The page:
The Star Theater venue is configuration of Spokane Veterans Memorial Arena that has a smaller seating area for more intimate shows than a full arena event. However, Star Theater’s seating in front of the stage takes away from a dance party feel that some artists prefer. 

Meyer says he’s been reaching out to agents and showing them the new venue, and he’s received encouraging comments about it.

“I think it’s going to have a positive impact in 2023,” he says.

The investment in the subfloor is already paying off, as six public high schools that previously held graduation at the arena or the First Interstate Center for the Arts will hold graduations at the Podium for the first time this year.

The Spokane Arena has a 12,000-person capacity, whereas most high school graduations have about 4,000 to 6,000 in attendance, says Christiansen.

He explains that the idea was to free up dates that the arena could hold concerts and generate more income by moving graduations to the Podium.

“The model has always been that the arena has to do well in order to cover the losses of the other buildings that the PFD operates,” says Christiansen, adding that when the organization hosts graduations at the Spokane Arena, it’s “giving it away for free.” 

“So, it was like, can we give the Podium away?” he says.

Meyer says that by moving the graduations from the Spokane Arena and the First Interstate Center for the Arts to the Podium this year, he was able to book Kevin Gates & Friends in the Arena on Friday, June 10, and ZZ Top at the First Interstate Center for the Arts on Thursday, June 9.

Christiansen says that when the Podium was built, it was projected to lose $250,000 to $400,000 a year, and the PFD set aside $750,000 to cover some losses for the first five years. However, with the onset of the pandemic, the PFD had to delay opening the Podium for two years during which it dipped into those reserves. 

“That money doesn’t exist anymore, so now how can we make it break even?” he says, “Can we take this thing out of its wheelhouse and do concerts?”

He estimates that scheduling six to eight concerts a year in the Podium will help it break even.

Christiansen and his colleagues researched similar structures around the world, and they found nobody was laying down a complete subfloor to make use of the entire competition space.

Other 200-meter tracks are using the center of the oval for volleyball tournaments and basketball tournaments by placing tile over the center, but they are avoiding the track altogether, says Christiansen.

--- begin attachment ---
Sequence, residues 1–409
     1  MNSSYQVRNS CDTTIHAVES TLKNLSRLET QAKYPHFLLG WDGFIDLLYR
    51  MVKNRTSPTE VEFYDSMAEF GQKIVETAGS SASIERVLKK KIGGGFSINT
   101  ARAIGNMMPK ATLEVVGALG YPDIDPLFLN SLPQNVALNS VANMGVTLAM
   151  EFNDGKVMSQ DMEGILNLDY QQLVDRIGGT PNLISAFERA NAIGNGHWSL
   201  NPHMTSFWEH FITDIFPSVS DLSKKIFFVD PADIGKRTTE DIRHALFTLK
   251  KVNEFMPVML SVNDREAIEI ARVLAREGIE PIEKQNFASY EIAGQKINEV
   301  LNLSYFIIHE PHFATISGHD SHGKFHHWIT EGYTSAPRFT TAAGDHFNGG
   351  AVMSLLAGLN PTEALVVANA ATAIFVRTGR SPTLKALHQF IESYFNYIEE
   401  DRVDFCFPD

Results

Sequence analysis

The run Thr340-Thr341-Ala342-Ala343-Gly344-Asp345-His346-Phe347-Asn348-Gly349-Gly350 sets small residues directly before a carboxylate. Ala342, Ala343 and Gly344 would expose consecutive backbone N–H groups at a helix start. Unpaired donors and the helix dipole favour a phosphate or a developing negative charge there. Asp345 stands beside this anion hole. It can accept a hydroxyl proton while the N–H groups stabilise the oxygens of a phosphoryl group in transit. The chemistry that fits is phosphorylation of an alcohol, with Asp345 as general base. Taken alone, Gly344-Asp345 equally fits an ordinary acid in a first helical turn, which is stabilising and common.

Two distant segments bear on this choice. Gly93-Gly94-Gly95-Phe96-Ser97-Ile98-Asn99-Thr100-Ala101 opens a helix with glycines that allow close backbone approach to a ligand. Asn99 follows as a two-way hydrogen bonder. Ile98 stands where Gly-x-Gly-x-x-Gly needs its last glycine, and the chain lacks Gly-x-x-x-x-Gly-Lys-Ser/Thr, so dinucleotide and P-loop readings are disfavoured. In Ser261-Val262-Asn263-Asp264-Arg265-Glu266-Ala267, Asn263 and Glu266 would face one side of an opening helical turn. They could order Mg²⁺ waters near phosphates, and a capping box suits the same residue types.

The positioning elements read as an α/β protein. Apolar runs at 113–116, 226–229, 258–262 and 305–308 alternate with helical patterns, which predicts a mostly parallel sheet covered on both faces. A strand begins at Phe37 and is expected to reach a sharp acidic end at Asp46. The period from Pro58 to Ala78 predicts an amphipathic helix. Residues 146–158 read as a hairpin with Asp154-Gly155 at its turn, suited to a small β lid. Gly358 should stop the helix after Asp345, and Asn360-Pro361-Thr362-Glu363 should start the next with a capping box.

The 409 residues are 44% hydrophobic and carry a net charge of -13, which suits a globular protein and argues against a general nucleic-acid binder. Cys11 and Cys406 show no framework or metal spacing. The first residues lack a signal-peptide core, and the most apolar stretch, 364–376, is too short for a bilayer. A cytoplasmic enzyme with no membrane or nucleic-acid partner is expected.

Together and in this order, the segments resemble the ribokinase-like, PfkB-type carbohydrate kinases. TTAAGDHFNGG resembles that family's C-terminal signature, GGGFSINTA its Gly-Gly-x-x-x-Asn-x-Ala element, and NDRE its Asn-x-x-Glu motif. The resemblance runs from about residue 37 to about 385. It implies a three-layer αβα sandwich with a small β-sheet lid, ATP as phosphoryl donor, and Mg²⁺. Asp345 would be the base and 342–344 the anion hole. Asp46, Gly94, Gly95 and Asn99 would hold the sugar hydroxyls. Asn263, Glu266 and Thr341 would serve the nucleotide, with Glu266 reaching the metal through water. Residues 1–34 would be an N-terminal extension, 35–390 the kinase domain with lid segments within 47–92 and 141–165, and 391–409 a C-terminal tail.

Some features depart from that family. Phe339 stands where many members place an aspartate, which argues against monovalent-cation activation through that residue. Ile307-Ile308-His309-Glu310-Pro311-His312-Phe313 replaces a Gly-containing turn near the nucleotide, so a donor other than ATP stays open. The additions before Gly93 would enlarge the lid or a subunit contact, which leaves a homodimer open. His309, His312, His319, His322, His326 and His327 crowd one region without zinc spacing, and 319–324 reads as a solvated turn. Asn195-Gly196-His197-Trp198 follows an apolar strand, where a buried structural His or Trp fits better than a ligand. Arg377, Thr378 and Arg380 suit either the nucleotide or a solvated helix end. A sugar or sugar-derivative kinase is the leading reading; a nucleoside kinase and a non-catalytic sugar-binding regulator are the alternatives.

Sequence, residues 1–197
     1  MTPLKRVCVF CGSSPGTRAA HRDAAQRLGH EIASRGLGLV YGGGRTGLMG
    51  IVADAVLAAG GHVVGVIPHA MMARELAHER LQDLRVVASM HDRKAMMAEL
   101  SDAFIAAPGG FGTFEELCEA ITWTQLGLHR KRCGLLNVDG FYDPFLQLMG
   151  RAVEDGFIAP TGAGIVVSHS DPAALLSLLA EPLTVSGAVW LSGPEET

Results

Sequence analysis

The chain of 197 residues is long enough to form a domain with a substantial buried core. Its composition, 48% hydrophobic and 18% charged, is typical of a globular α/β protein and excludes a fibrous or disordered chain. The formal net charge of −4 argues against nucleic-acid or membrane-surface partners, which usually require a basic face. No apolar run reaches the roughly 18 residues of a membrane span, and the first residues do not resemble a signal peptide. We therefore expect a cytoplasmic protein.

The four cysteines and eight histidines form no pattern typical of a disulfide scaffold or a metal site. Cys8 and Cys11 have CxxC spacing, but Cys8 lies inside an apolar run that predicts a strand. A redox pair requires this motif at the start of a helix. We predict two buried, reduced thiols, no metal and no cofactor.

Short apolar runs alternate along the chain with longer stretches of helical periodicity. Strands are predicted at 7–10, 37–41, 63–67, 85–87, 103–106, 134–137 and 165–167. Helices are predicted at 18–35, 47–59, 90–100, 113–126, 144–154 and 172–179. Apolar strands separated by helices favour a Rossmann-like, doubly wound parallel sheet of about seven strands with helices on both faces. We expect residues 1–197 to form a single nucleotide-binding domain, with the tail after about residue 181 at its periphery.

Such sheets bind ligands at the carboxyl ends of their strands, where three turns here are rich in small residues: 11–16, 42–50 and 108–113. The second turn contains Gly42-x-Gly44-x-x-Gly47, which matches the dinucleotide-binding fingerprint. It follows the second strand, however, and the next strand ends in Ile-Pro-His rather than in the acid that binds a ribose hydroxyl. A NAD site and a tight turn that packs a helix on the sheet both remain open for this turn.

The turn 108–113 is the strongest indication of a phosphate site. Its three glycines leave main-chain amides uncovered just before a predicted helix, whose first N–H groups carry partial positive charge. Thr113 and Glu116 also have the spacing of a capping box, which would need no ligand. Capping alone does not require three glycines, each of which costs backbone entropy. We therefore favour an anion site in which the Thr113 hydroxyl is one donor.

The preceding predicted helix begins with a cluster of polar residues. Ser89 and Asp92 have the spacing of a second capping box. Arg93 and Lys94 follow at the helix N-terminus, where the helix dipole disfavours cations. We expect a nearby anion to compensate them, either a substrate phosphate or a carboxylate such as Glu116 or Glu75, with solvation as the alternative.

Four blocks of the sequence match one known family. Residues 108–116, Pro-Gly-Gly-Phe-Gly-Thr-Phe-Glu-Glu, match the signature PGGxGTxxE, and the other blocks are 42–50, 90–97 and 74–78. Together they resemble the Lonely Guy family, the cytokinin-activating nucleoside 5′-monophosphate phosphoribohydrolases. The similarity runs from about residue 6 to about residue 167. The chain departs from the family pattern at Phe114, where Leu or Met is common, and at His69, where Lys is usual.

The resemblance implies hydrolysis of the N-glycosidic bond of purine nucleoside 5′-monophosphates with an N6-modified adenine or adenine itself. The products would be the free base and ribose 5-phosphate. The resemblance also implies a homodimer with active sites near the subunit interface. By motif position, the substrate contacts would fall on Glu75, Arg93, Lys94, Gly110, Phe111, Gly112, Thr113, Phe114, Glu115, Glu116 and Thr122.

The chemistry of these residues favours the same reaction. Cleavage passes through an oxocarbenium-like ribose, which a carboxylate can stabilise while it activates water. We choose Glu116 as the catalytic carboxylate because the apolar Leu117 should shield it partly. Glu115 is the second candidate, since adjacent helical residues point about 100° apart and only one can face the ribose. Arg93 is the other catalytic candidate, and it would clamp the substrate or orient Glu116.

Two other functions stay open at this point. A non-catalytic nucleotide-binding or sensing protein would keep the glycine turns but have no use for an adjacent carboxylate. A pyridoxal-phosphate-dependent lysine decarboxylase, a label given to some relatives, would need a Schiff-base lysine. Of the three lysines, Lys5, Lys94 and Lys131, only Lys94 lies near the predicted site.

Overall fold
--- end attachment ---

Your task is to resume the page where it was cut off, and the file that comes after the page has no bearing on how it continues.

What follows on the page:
The subfloor will enable the Podium to accommodate 16 volleyball courts, while some other track venues are limited to six to nine volleyball courts within the oval.

“The whole idea is maximizing that space out there for volleyball, in particular because of the economic impact that some of those volleyball tournaments bring to Spokane,” says Christiansen. “We couldn’t get away with doing only six or nine mats.”

The subfloor was supplied by London-based Terrellas Plc., which specializes in outdoor artificial turf products.

“This is the first time this product has been laid down into an indoor format versus a football field,” says Christiansen.

In addition to volleyball tournaments, the Podium will have the ability to accommodate nine basketball courts and 21 wrestling mats.

Christiansen says the PFD originally decided to build an indoor track facility, because indoor track has a defined season from December to March, which traditionally has been the offseason for Spokane-area hotels.

Christiansen says he’s heard positive comments from the hoteliers, and that the DoubleTree by Hilton Spokane City Center hotel reported its highest January occupancy in its history.

The Podium hosted three events in January and plans to double that in the future, he adds.

Another source of income arose from a recent NCAA ruling that requires athletes to clock time on a banked track, like the one at the Podium, in order to qualify for nationals, says Christiansen.

“Colleges will come and stay for four to five days in a hotel and use our track,” he says.

There are only 12 facilities with a hydraulically banked tracked in the country, and the Podium is the only one west of the Mississippi River, says Christiansen. 

Karina Elias
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Reporter Karina Elias covers the banking and finance industry. A California native, she attended the University of California at Santa Barbara. Karina loves salsa dancing, traveling, baking, cuddling with her dog, and writing creative fiction and non-fiction.